Harmony of the Gospels



Life presents us with many opportunities; how we respond to them depends on what we love and what we look for in life. The Jewish leaders looked for the opportunity to destroy Jesus, while at the same time Jesus was anticipating the opportunity to obey His Father and bring Him glory.

Here in this passage, Jesus predicts His death at the hand of the ones who should have been the first to accept him as Israel’s Messiah. It is incredible that these religious leaders perpetrated history’s greatest crime during Israel’s holiest festival.


And it came to pass, when Jesus had finished all these sayings, he said unto his disciples (Matthew 26:1)

For the forth time in this Gospel (16:21[1]; 17:23; 20:18), Jesus gave His disciples notice of the approach of His sufferings and death. He waited until he had finished all these sayings; that is, when He had finished all he had to say in His Olivet Discourse. The Lord Jesus had completed His mission as a prophet; now He entered into the performance of His office as priest. He is moving according to God’s timetable, and He is forcing the issue; He is not a helpless victim. Christ had always avoided His enemy’s plots to kill Him, but now it was His time. The true Lamb of God would take away the sin of the world.

Ye know that after two days is the feast of the passover, and the Son of man is betrayed to be crucified. (Matthew 26:2)

After two days was the feast of the passover, and of unleavened bread: (Mark 14:1a)
Now the feast of unleavened bread drew nigh, which is called the Passover. (Luke 22:1)

Jesus makes a final prediction of His death two days before Passover, which was eaten on the evening of Nisan 14. Hence, the prediction was made on the 12th of April (Wednesday); the year was probably A.D. 30. The Feast of the Passover was the first feast on the Jewish yearly calendar and was kept in commemoration of the national deliverance from Egypt in the exodus under Moses. All Jewish men were required[TL1] to be in Jerusalem for the Passover (Deut 16:16)[2].

The Jewish leaders wanted to kill Jesus for what they considered to be the good of their nation. They reasoned that if people followed Christ as the Messiah, the Roman government would rise up and crush the “rebellion.”

Passover takes its name from the Hebrew term related to the Death Angel passing over those who had applied the blood to their homes (see Ex 12). The Hebrew root pesach was translated into “pashcal” from which Christ’s suffering is often referred to as His “passion.” Passover time was a great high day among the Jews and thousands of pilgrims flocked to Jerusalem to observe it each year. Our Lord’s death was the ultimate fulfillment of which the annual feast had been a representation. It was followed by the seven-day Feast of Unleavened Bread (Nisan 15–21). Sometimes the entire period was generally referred to as Passover.
The Jewish religious leaders, and Sanhedrin members, had already decided that Jesus must be put to death (Jn. 11:47-53[3]). While his enemies were preparing trouble for him, He was preparing himself and his followers to meet it. He had told them of his coming sufferings before, now he speaks of them as being at the door.  He told His disciples to expect sad times, jail and afflictions, and then tells them, The Son of man is betrayed; to imply that they would get along no worse than he would, and that his sufferings[TL2] should take the sting out of theirs.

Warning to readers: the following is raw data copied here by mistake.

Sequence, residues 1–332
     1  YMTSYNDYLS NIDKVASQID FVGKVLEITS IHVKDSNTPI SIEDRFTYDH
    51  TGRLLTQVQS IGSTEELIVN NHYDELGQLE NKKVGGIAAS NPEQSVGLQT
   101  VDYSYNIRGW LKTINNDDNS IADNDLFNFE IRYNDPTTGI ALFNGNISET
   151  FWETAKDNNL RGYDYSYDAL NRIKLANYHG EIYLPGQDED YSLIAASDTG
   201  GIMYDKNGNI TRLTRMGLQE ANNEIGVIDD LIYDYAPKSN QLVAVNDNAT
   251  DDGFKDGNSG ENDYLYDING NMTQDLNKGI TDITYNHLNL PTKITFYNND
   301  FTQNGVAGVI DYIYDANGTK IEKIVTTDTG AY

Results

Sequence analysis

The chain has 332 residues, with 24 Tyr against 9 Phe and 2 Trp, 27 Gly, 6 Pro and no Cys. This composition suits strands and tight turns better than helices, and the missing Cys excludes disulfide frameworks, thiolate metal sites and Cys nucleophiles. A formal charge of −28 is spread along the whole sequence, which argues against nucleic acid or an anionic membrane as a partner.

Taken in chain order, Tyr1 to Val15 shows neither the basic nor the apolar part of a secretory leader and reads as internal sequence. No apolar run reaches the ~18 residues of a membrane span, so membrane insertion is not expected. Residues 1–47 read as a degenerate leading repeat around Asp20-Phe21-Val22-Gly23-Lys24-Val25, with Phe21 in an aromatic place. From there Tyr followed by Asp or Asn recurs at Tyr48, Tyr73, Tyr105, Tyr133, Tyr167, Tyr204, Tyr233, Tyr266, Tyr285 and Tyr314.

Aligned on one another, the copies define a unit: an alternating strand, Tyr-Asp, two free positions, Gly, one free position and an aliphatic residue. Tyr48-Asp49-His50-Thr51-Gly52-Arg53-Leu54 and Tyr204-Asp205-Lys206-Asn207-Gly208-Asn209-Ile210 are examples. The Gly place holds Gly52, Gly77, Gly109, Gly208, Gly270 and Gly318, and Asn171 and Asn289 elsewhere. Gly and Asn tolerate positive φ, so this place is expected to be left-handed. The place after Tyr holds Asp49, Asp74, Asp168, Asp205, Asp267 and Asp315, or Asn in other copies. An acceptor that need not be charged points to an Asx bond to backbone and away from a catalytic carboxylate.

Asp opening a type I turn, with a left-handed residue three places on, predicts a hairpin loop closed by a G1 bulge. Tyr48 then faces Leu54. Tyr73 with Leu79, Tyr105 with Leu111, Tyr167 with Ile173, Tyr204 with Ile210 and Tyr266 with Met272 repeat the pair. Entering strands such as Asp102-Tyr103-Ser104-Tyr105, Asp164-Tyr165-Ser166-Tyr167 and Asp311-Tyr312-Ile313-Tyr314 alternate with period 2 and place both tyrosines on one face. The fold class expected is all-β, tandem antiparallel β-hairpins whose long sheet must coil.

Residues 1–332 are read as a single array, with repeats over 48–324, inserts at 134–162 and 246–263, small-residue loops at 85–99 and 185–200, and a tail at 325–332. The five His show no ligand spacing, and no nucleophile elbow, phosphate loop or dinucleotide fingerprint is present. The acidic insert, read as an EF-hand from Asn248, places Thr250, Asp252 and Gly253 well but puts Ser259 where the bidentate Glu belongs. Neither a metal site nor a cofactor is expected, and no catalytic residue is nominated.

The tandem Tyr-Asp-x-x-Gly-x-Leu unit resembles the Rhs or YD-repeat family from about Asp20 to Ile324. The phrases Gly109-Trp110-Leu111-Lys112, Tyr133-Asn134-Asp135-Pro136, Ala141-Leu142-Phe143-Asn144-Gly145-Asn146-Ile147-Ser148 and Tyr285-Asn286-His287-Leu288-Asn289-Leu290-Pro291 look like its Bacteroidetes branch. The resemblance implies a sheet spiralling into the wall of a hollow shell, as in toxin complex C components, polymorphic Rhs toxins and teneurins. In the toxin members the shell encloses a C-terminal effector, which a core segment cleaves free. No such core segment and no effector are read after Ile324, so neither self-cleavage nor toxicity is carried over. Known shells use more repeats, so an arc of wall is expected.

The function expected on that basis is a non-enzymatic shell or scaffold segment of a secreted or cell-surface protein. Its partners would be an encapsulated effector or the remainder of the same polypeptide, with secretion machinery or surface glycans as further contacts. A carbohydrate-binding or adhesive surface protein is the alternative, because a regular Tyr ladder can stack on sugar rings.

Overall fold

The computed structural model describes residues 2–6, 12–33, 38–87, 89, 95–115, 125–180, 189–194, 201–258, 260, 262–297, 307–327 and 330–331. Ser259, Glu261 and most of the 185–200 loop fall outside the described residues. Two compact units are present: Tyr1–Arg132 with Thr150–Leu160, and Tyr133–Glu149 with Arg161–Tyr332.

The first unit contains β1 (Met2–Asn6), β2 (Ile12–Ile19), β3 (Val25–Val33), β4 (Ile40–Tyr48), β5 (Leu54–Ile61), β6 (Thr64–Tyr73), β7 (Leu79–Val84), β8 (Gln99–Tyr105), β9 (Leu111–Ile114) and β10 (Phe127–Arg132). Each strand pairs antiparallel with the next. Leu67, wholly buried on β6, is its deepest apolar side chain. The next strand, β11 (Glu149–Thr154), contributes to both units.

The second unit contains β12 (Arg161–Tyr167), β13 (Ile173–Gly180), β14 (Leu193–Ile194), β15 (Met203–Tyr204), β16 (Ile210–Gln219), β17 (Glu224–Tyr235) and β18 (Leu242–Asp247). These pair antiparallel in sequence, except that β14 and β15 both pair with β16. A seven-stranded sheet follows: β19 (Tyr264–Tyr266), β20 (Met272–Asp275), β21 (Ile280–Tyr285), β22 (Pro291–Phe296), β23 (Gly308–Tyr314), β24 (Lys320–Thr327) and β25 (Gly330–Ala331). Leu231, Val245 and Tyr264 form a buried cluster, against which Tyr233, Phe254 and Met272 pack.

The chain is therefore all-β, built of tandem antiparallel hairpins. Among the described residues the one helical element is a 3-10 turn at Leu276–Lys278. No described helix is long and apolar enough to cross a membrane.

Son of man is His favorite designation for Himself. Betrayed is better translated here as “delivered up” or “handed over.” The meeting of the Sanhedrin takes place at the palace courtyard. He is betrayed, since Judas was at that moment making plans to betray him.

His announcement implied that the Passover and His crucifixion were not far away: “Ye know that after two days is the feast of the passover, and the Son of man is betrayed to be crucified.” This year the Passover would find its true meaning. The Passover Lamb had at last arrived and would soon be slain.

Then assembled together the chief priests, and the scribes, and the elders of the people, unto the palace of the high priest, who was called Caiaphas, (Matthew 26:3)

Caiaphas was a Sadducee who had been appointed High Priest a few years earlier, about A.D. 18, just before Christ’s earthly ministry began. The plot of the chief priests, and scribes, and elders of the people is against the life of our Lord Jesus. Many consultations had been held against the life of Christ but this plot was laid deeper than any yet, for the attendees were all engaged in it. The chief priests, who presided in ecclesiastical affairs; the elders, who were judges in civil matters, and the scribes, who, as doctors of the law, were leaders of both—these three groups of people made-up the Sanhedrim, or great council that governed the nation, and these were allied against Christ.

And consulted that they might take Jesus by subtilty, and kill him. (Matthew 26:4)

and the chief priests and the scribes sought how they might take him by craft, and put him to death. (Mark 14:1b)
And the chief priests and scribes sought how they might kill him; (Luke 22:2b)

The plot itself was to take Jesus by subtlety, and kill him; nothing less than his blood, his life-blood, would serve their objective.

Even as He was uttering the words, the religious leaders were gathering in the palace courtyard of Caiaphas, the high priest, to map out their strategy. They wanted to arrest Him secretly and have Him killed; it is incredible that Israel’s religious leaders took the lead in plotting the death of their Messiah. They should have been the first to recognize and to enthrone Him. Instead, they formed the cutting edge of His enemies.